By: Melvin Samuel
Pakistan’s former military ruler Pervez Musharraf, the architect of the Kargil War in 1999, loved his cricket.
Musharraf, who passed away in a Dubai hospital on Sunday, used cricket as a strong diplomatic tool to improve relations between the two countries when he led Pakistan first as Chief Executive and then as President.
An avid follower of the game, Musharraf wasted no time in bringing his blue-eyed boy, Lt-General Tauqir Zia, as Chairman of the cricket board soon after his military coup in October 1999.
But in 2003 the moment he learnt that Tauqir’s son Junaid had played for Pakistan, Musharraf asked the PCB Chairman to resign as he saw the entire episode as a conflict of interest.
Musharraf then brought in former career diplomat and ex foreign secretary, Shaharyar Khan, who had served as ambassador in New Delhi, to head the cricket board.
And few months later, Shaharyar fulfilled Musharraf’s ambition of having the Indian team tour Pakistan.
Before Musharraf’s coup, Pakistan had been to India in early 1999 when Atal Bihari Vajpayee was Indian Prime Minister but after that they were no bilateral exchanges between the two countries until 2004.
The Indian team led by Saurav Ganguly came in March-April 2004 and it turned out to be a famous diplomatic success for the military ruler as the top names from India including government ministers and celebrities were invited to Pakistan to watch the matches with red carpet treatment laid out for them.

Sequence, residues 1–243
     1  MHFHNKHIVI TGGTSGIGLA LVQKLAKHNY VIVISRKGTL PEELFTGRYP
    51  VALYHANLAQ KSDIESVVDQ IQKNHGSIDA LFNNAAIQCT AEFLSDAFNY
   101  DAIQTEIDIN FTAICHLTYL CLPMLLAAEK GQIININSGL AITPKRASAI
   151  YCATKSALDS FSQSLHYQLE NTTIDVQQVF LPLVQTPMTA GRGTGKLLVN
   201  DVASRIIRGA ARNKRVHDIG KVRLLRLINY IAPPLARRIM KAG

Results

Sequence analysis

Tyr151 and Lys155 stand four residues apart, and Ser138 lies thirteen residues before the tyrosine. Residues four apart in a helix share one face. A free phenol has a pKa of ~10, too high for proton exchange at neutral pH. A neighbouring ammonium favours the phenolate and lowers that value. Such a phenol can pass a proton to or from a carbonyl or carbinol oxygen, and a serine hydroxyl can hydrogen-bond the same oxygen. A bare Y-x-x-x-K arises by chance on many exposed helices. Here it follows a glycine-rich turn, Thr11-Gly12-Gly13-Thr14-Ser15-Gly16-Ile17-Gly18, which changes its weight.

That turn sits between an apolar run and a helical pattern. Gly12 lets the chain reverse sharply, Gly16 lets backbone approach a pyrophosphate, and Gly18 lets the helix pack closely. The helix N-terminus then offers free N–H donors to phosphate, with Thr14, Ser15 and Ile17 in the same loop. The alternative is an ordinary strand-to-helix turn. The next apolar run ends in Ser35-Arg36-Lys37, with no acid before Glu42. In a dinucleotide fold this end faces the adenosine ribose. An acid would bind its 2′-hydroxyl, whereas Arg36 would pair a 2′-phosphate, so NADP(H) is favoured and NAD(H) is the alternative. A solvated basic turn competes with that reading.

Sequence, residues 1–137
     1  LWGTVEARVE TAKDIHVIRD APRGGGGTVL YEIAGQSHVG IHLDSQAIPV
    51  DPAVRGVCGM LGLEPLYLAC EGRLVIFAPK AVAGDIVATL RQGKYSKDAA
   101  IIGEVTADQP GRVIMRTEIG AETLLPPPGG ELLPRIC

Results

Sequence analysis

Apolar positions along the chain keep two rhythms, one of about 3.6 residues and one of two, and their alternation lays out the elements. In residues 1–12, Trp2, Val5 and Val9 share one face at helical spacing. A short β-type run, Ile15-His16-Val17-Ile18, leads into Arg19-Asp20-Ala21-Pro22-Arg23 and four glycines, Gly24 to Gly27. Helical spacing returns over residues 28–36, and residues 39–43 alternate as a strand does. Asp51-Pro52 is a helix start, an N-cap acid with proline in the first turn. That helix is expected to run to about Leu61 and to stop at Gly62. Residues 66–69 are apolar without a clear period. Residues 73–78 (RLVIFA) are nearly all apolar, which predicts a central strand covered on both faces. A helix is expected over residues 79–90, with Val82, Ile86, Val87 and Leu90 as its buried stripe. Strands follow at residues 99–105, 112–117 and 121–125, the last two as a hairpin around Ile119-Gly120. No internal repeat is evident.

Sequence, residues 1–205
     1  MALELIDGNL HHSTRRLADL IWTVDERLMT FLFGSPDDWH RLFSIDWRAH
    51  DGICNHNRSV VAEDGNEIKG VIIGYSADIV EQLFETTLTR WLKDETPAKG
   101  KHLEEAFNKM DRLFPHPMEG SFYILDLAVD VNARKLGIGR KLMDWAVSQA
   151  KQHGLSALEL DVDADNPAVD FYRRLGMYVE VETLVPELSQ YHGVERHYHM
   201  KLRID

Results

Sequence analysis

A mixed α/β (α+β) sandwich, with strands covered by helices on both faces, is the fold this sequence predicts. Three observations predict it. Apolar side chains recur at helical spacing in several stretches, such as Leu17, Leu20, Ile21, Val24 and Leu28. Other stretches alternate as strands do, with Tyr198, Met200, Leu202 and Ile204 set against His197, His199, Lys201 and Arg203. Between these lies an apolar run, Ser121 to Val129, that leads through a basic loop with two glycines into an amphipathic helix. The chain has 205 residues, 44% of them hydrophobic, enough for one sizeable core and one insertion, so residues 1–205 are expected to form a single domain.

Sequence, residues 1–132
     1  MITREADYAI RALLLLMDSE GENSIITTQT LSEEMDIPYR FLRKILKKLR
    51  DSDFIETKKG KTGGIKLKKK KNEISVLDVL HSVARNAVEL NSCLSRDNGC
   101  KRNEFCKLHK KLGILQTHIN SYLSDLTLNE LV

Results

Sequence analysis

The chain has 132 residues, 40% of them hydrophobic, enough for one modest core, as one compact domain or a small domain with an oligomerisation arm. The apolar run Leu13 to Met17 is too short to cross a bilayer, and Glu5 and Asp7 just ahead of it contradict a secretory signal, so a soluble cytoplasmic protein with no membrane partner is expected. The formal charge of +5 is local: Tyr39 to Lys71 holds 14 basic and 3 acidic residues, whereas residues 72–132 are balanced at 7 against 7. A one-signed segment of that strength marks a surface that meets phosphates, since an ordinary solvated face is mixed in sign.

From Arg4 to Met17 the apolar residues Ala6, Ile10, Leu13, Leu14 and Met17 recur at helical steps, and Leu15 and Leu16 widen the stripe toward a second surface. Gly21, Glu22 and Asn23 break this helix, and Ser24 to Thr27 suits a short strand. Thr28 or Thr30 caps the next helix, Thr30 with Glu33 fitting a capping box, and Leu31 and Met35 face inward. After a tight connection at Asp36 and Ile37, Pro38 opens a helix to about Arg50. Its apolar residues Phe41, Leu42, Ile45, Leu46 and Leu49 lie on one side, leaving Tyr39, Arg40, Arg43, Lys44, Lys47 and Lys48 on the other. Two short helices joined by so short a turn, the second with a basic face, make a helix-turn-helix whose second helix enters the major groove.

The tour was a success with Musharraf wasting no opportunity to have photo shoots with the Indian team and his famous remarks about MS Dhoni’s hairstyle became a hit in both countries.
His meeting with the Indian team players were all exercises aimed at softening relations between the two countries and portraying himself as a moderate and liberal leader.
And the plan worked to a great extent as never in a tenure of a Pakistani premier or President did so many Indo-Pak bilateral series take place than in Musharraf’s tenure.
After the 2004 series, India came again to Pakistan in early 2006 while the Pakistan team also toured India for full Test series first in 2005 and then in 2007 returning to Pakistan in 2008 for the Asia Cup.
Before Musharraf’s time, bilateral tours between the two countries had been far and few with huge gaps in between. Pakistan went to India in 1979-80 after a gap of nearly 18 years and India came to Pakistan in 1978/79 for the first time since 1954/55.
Ironically these tours in the late 70s also took place during the tenure of another military dictator, General Zia ul Haq, who also used cricket diplomacy to reduce tensions.
Musharraf himself wasted no opportunity to show up at cricket matches even in India when Pakistan was playing. In 2005, he turned up at the Feroze Shah Kotla ground to a warm welcome.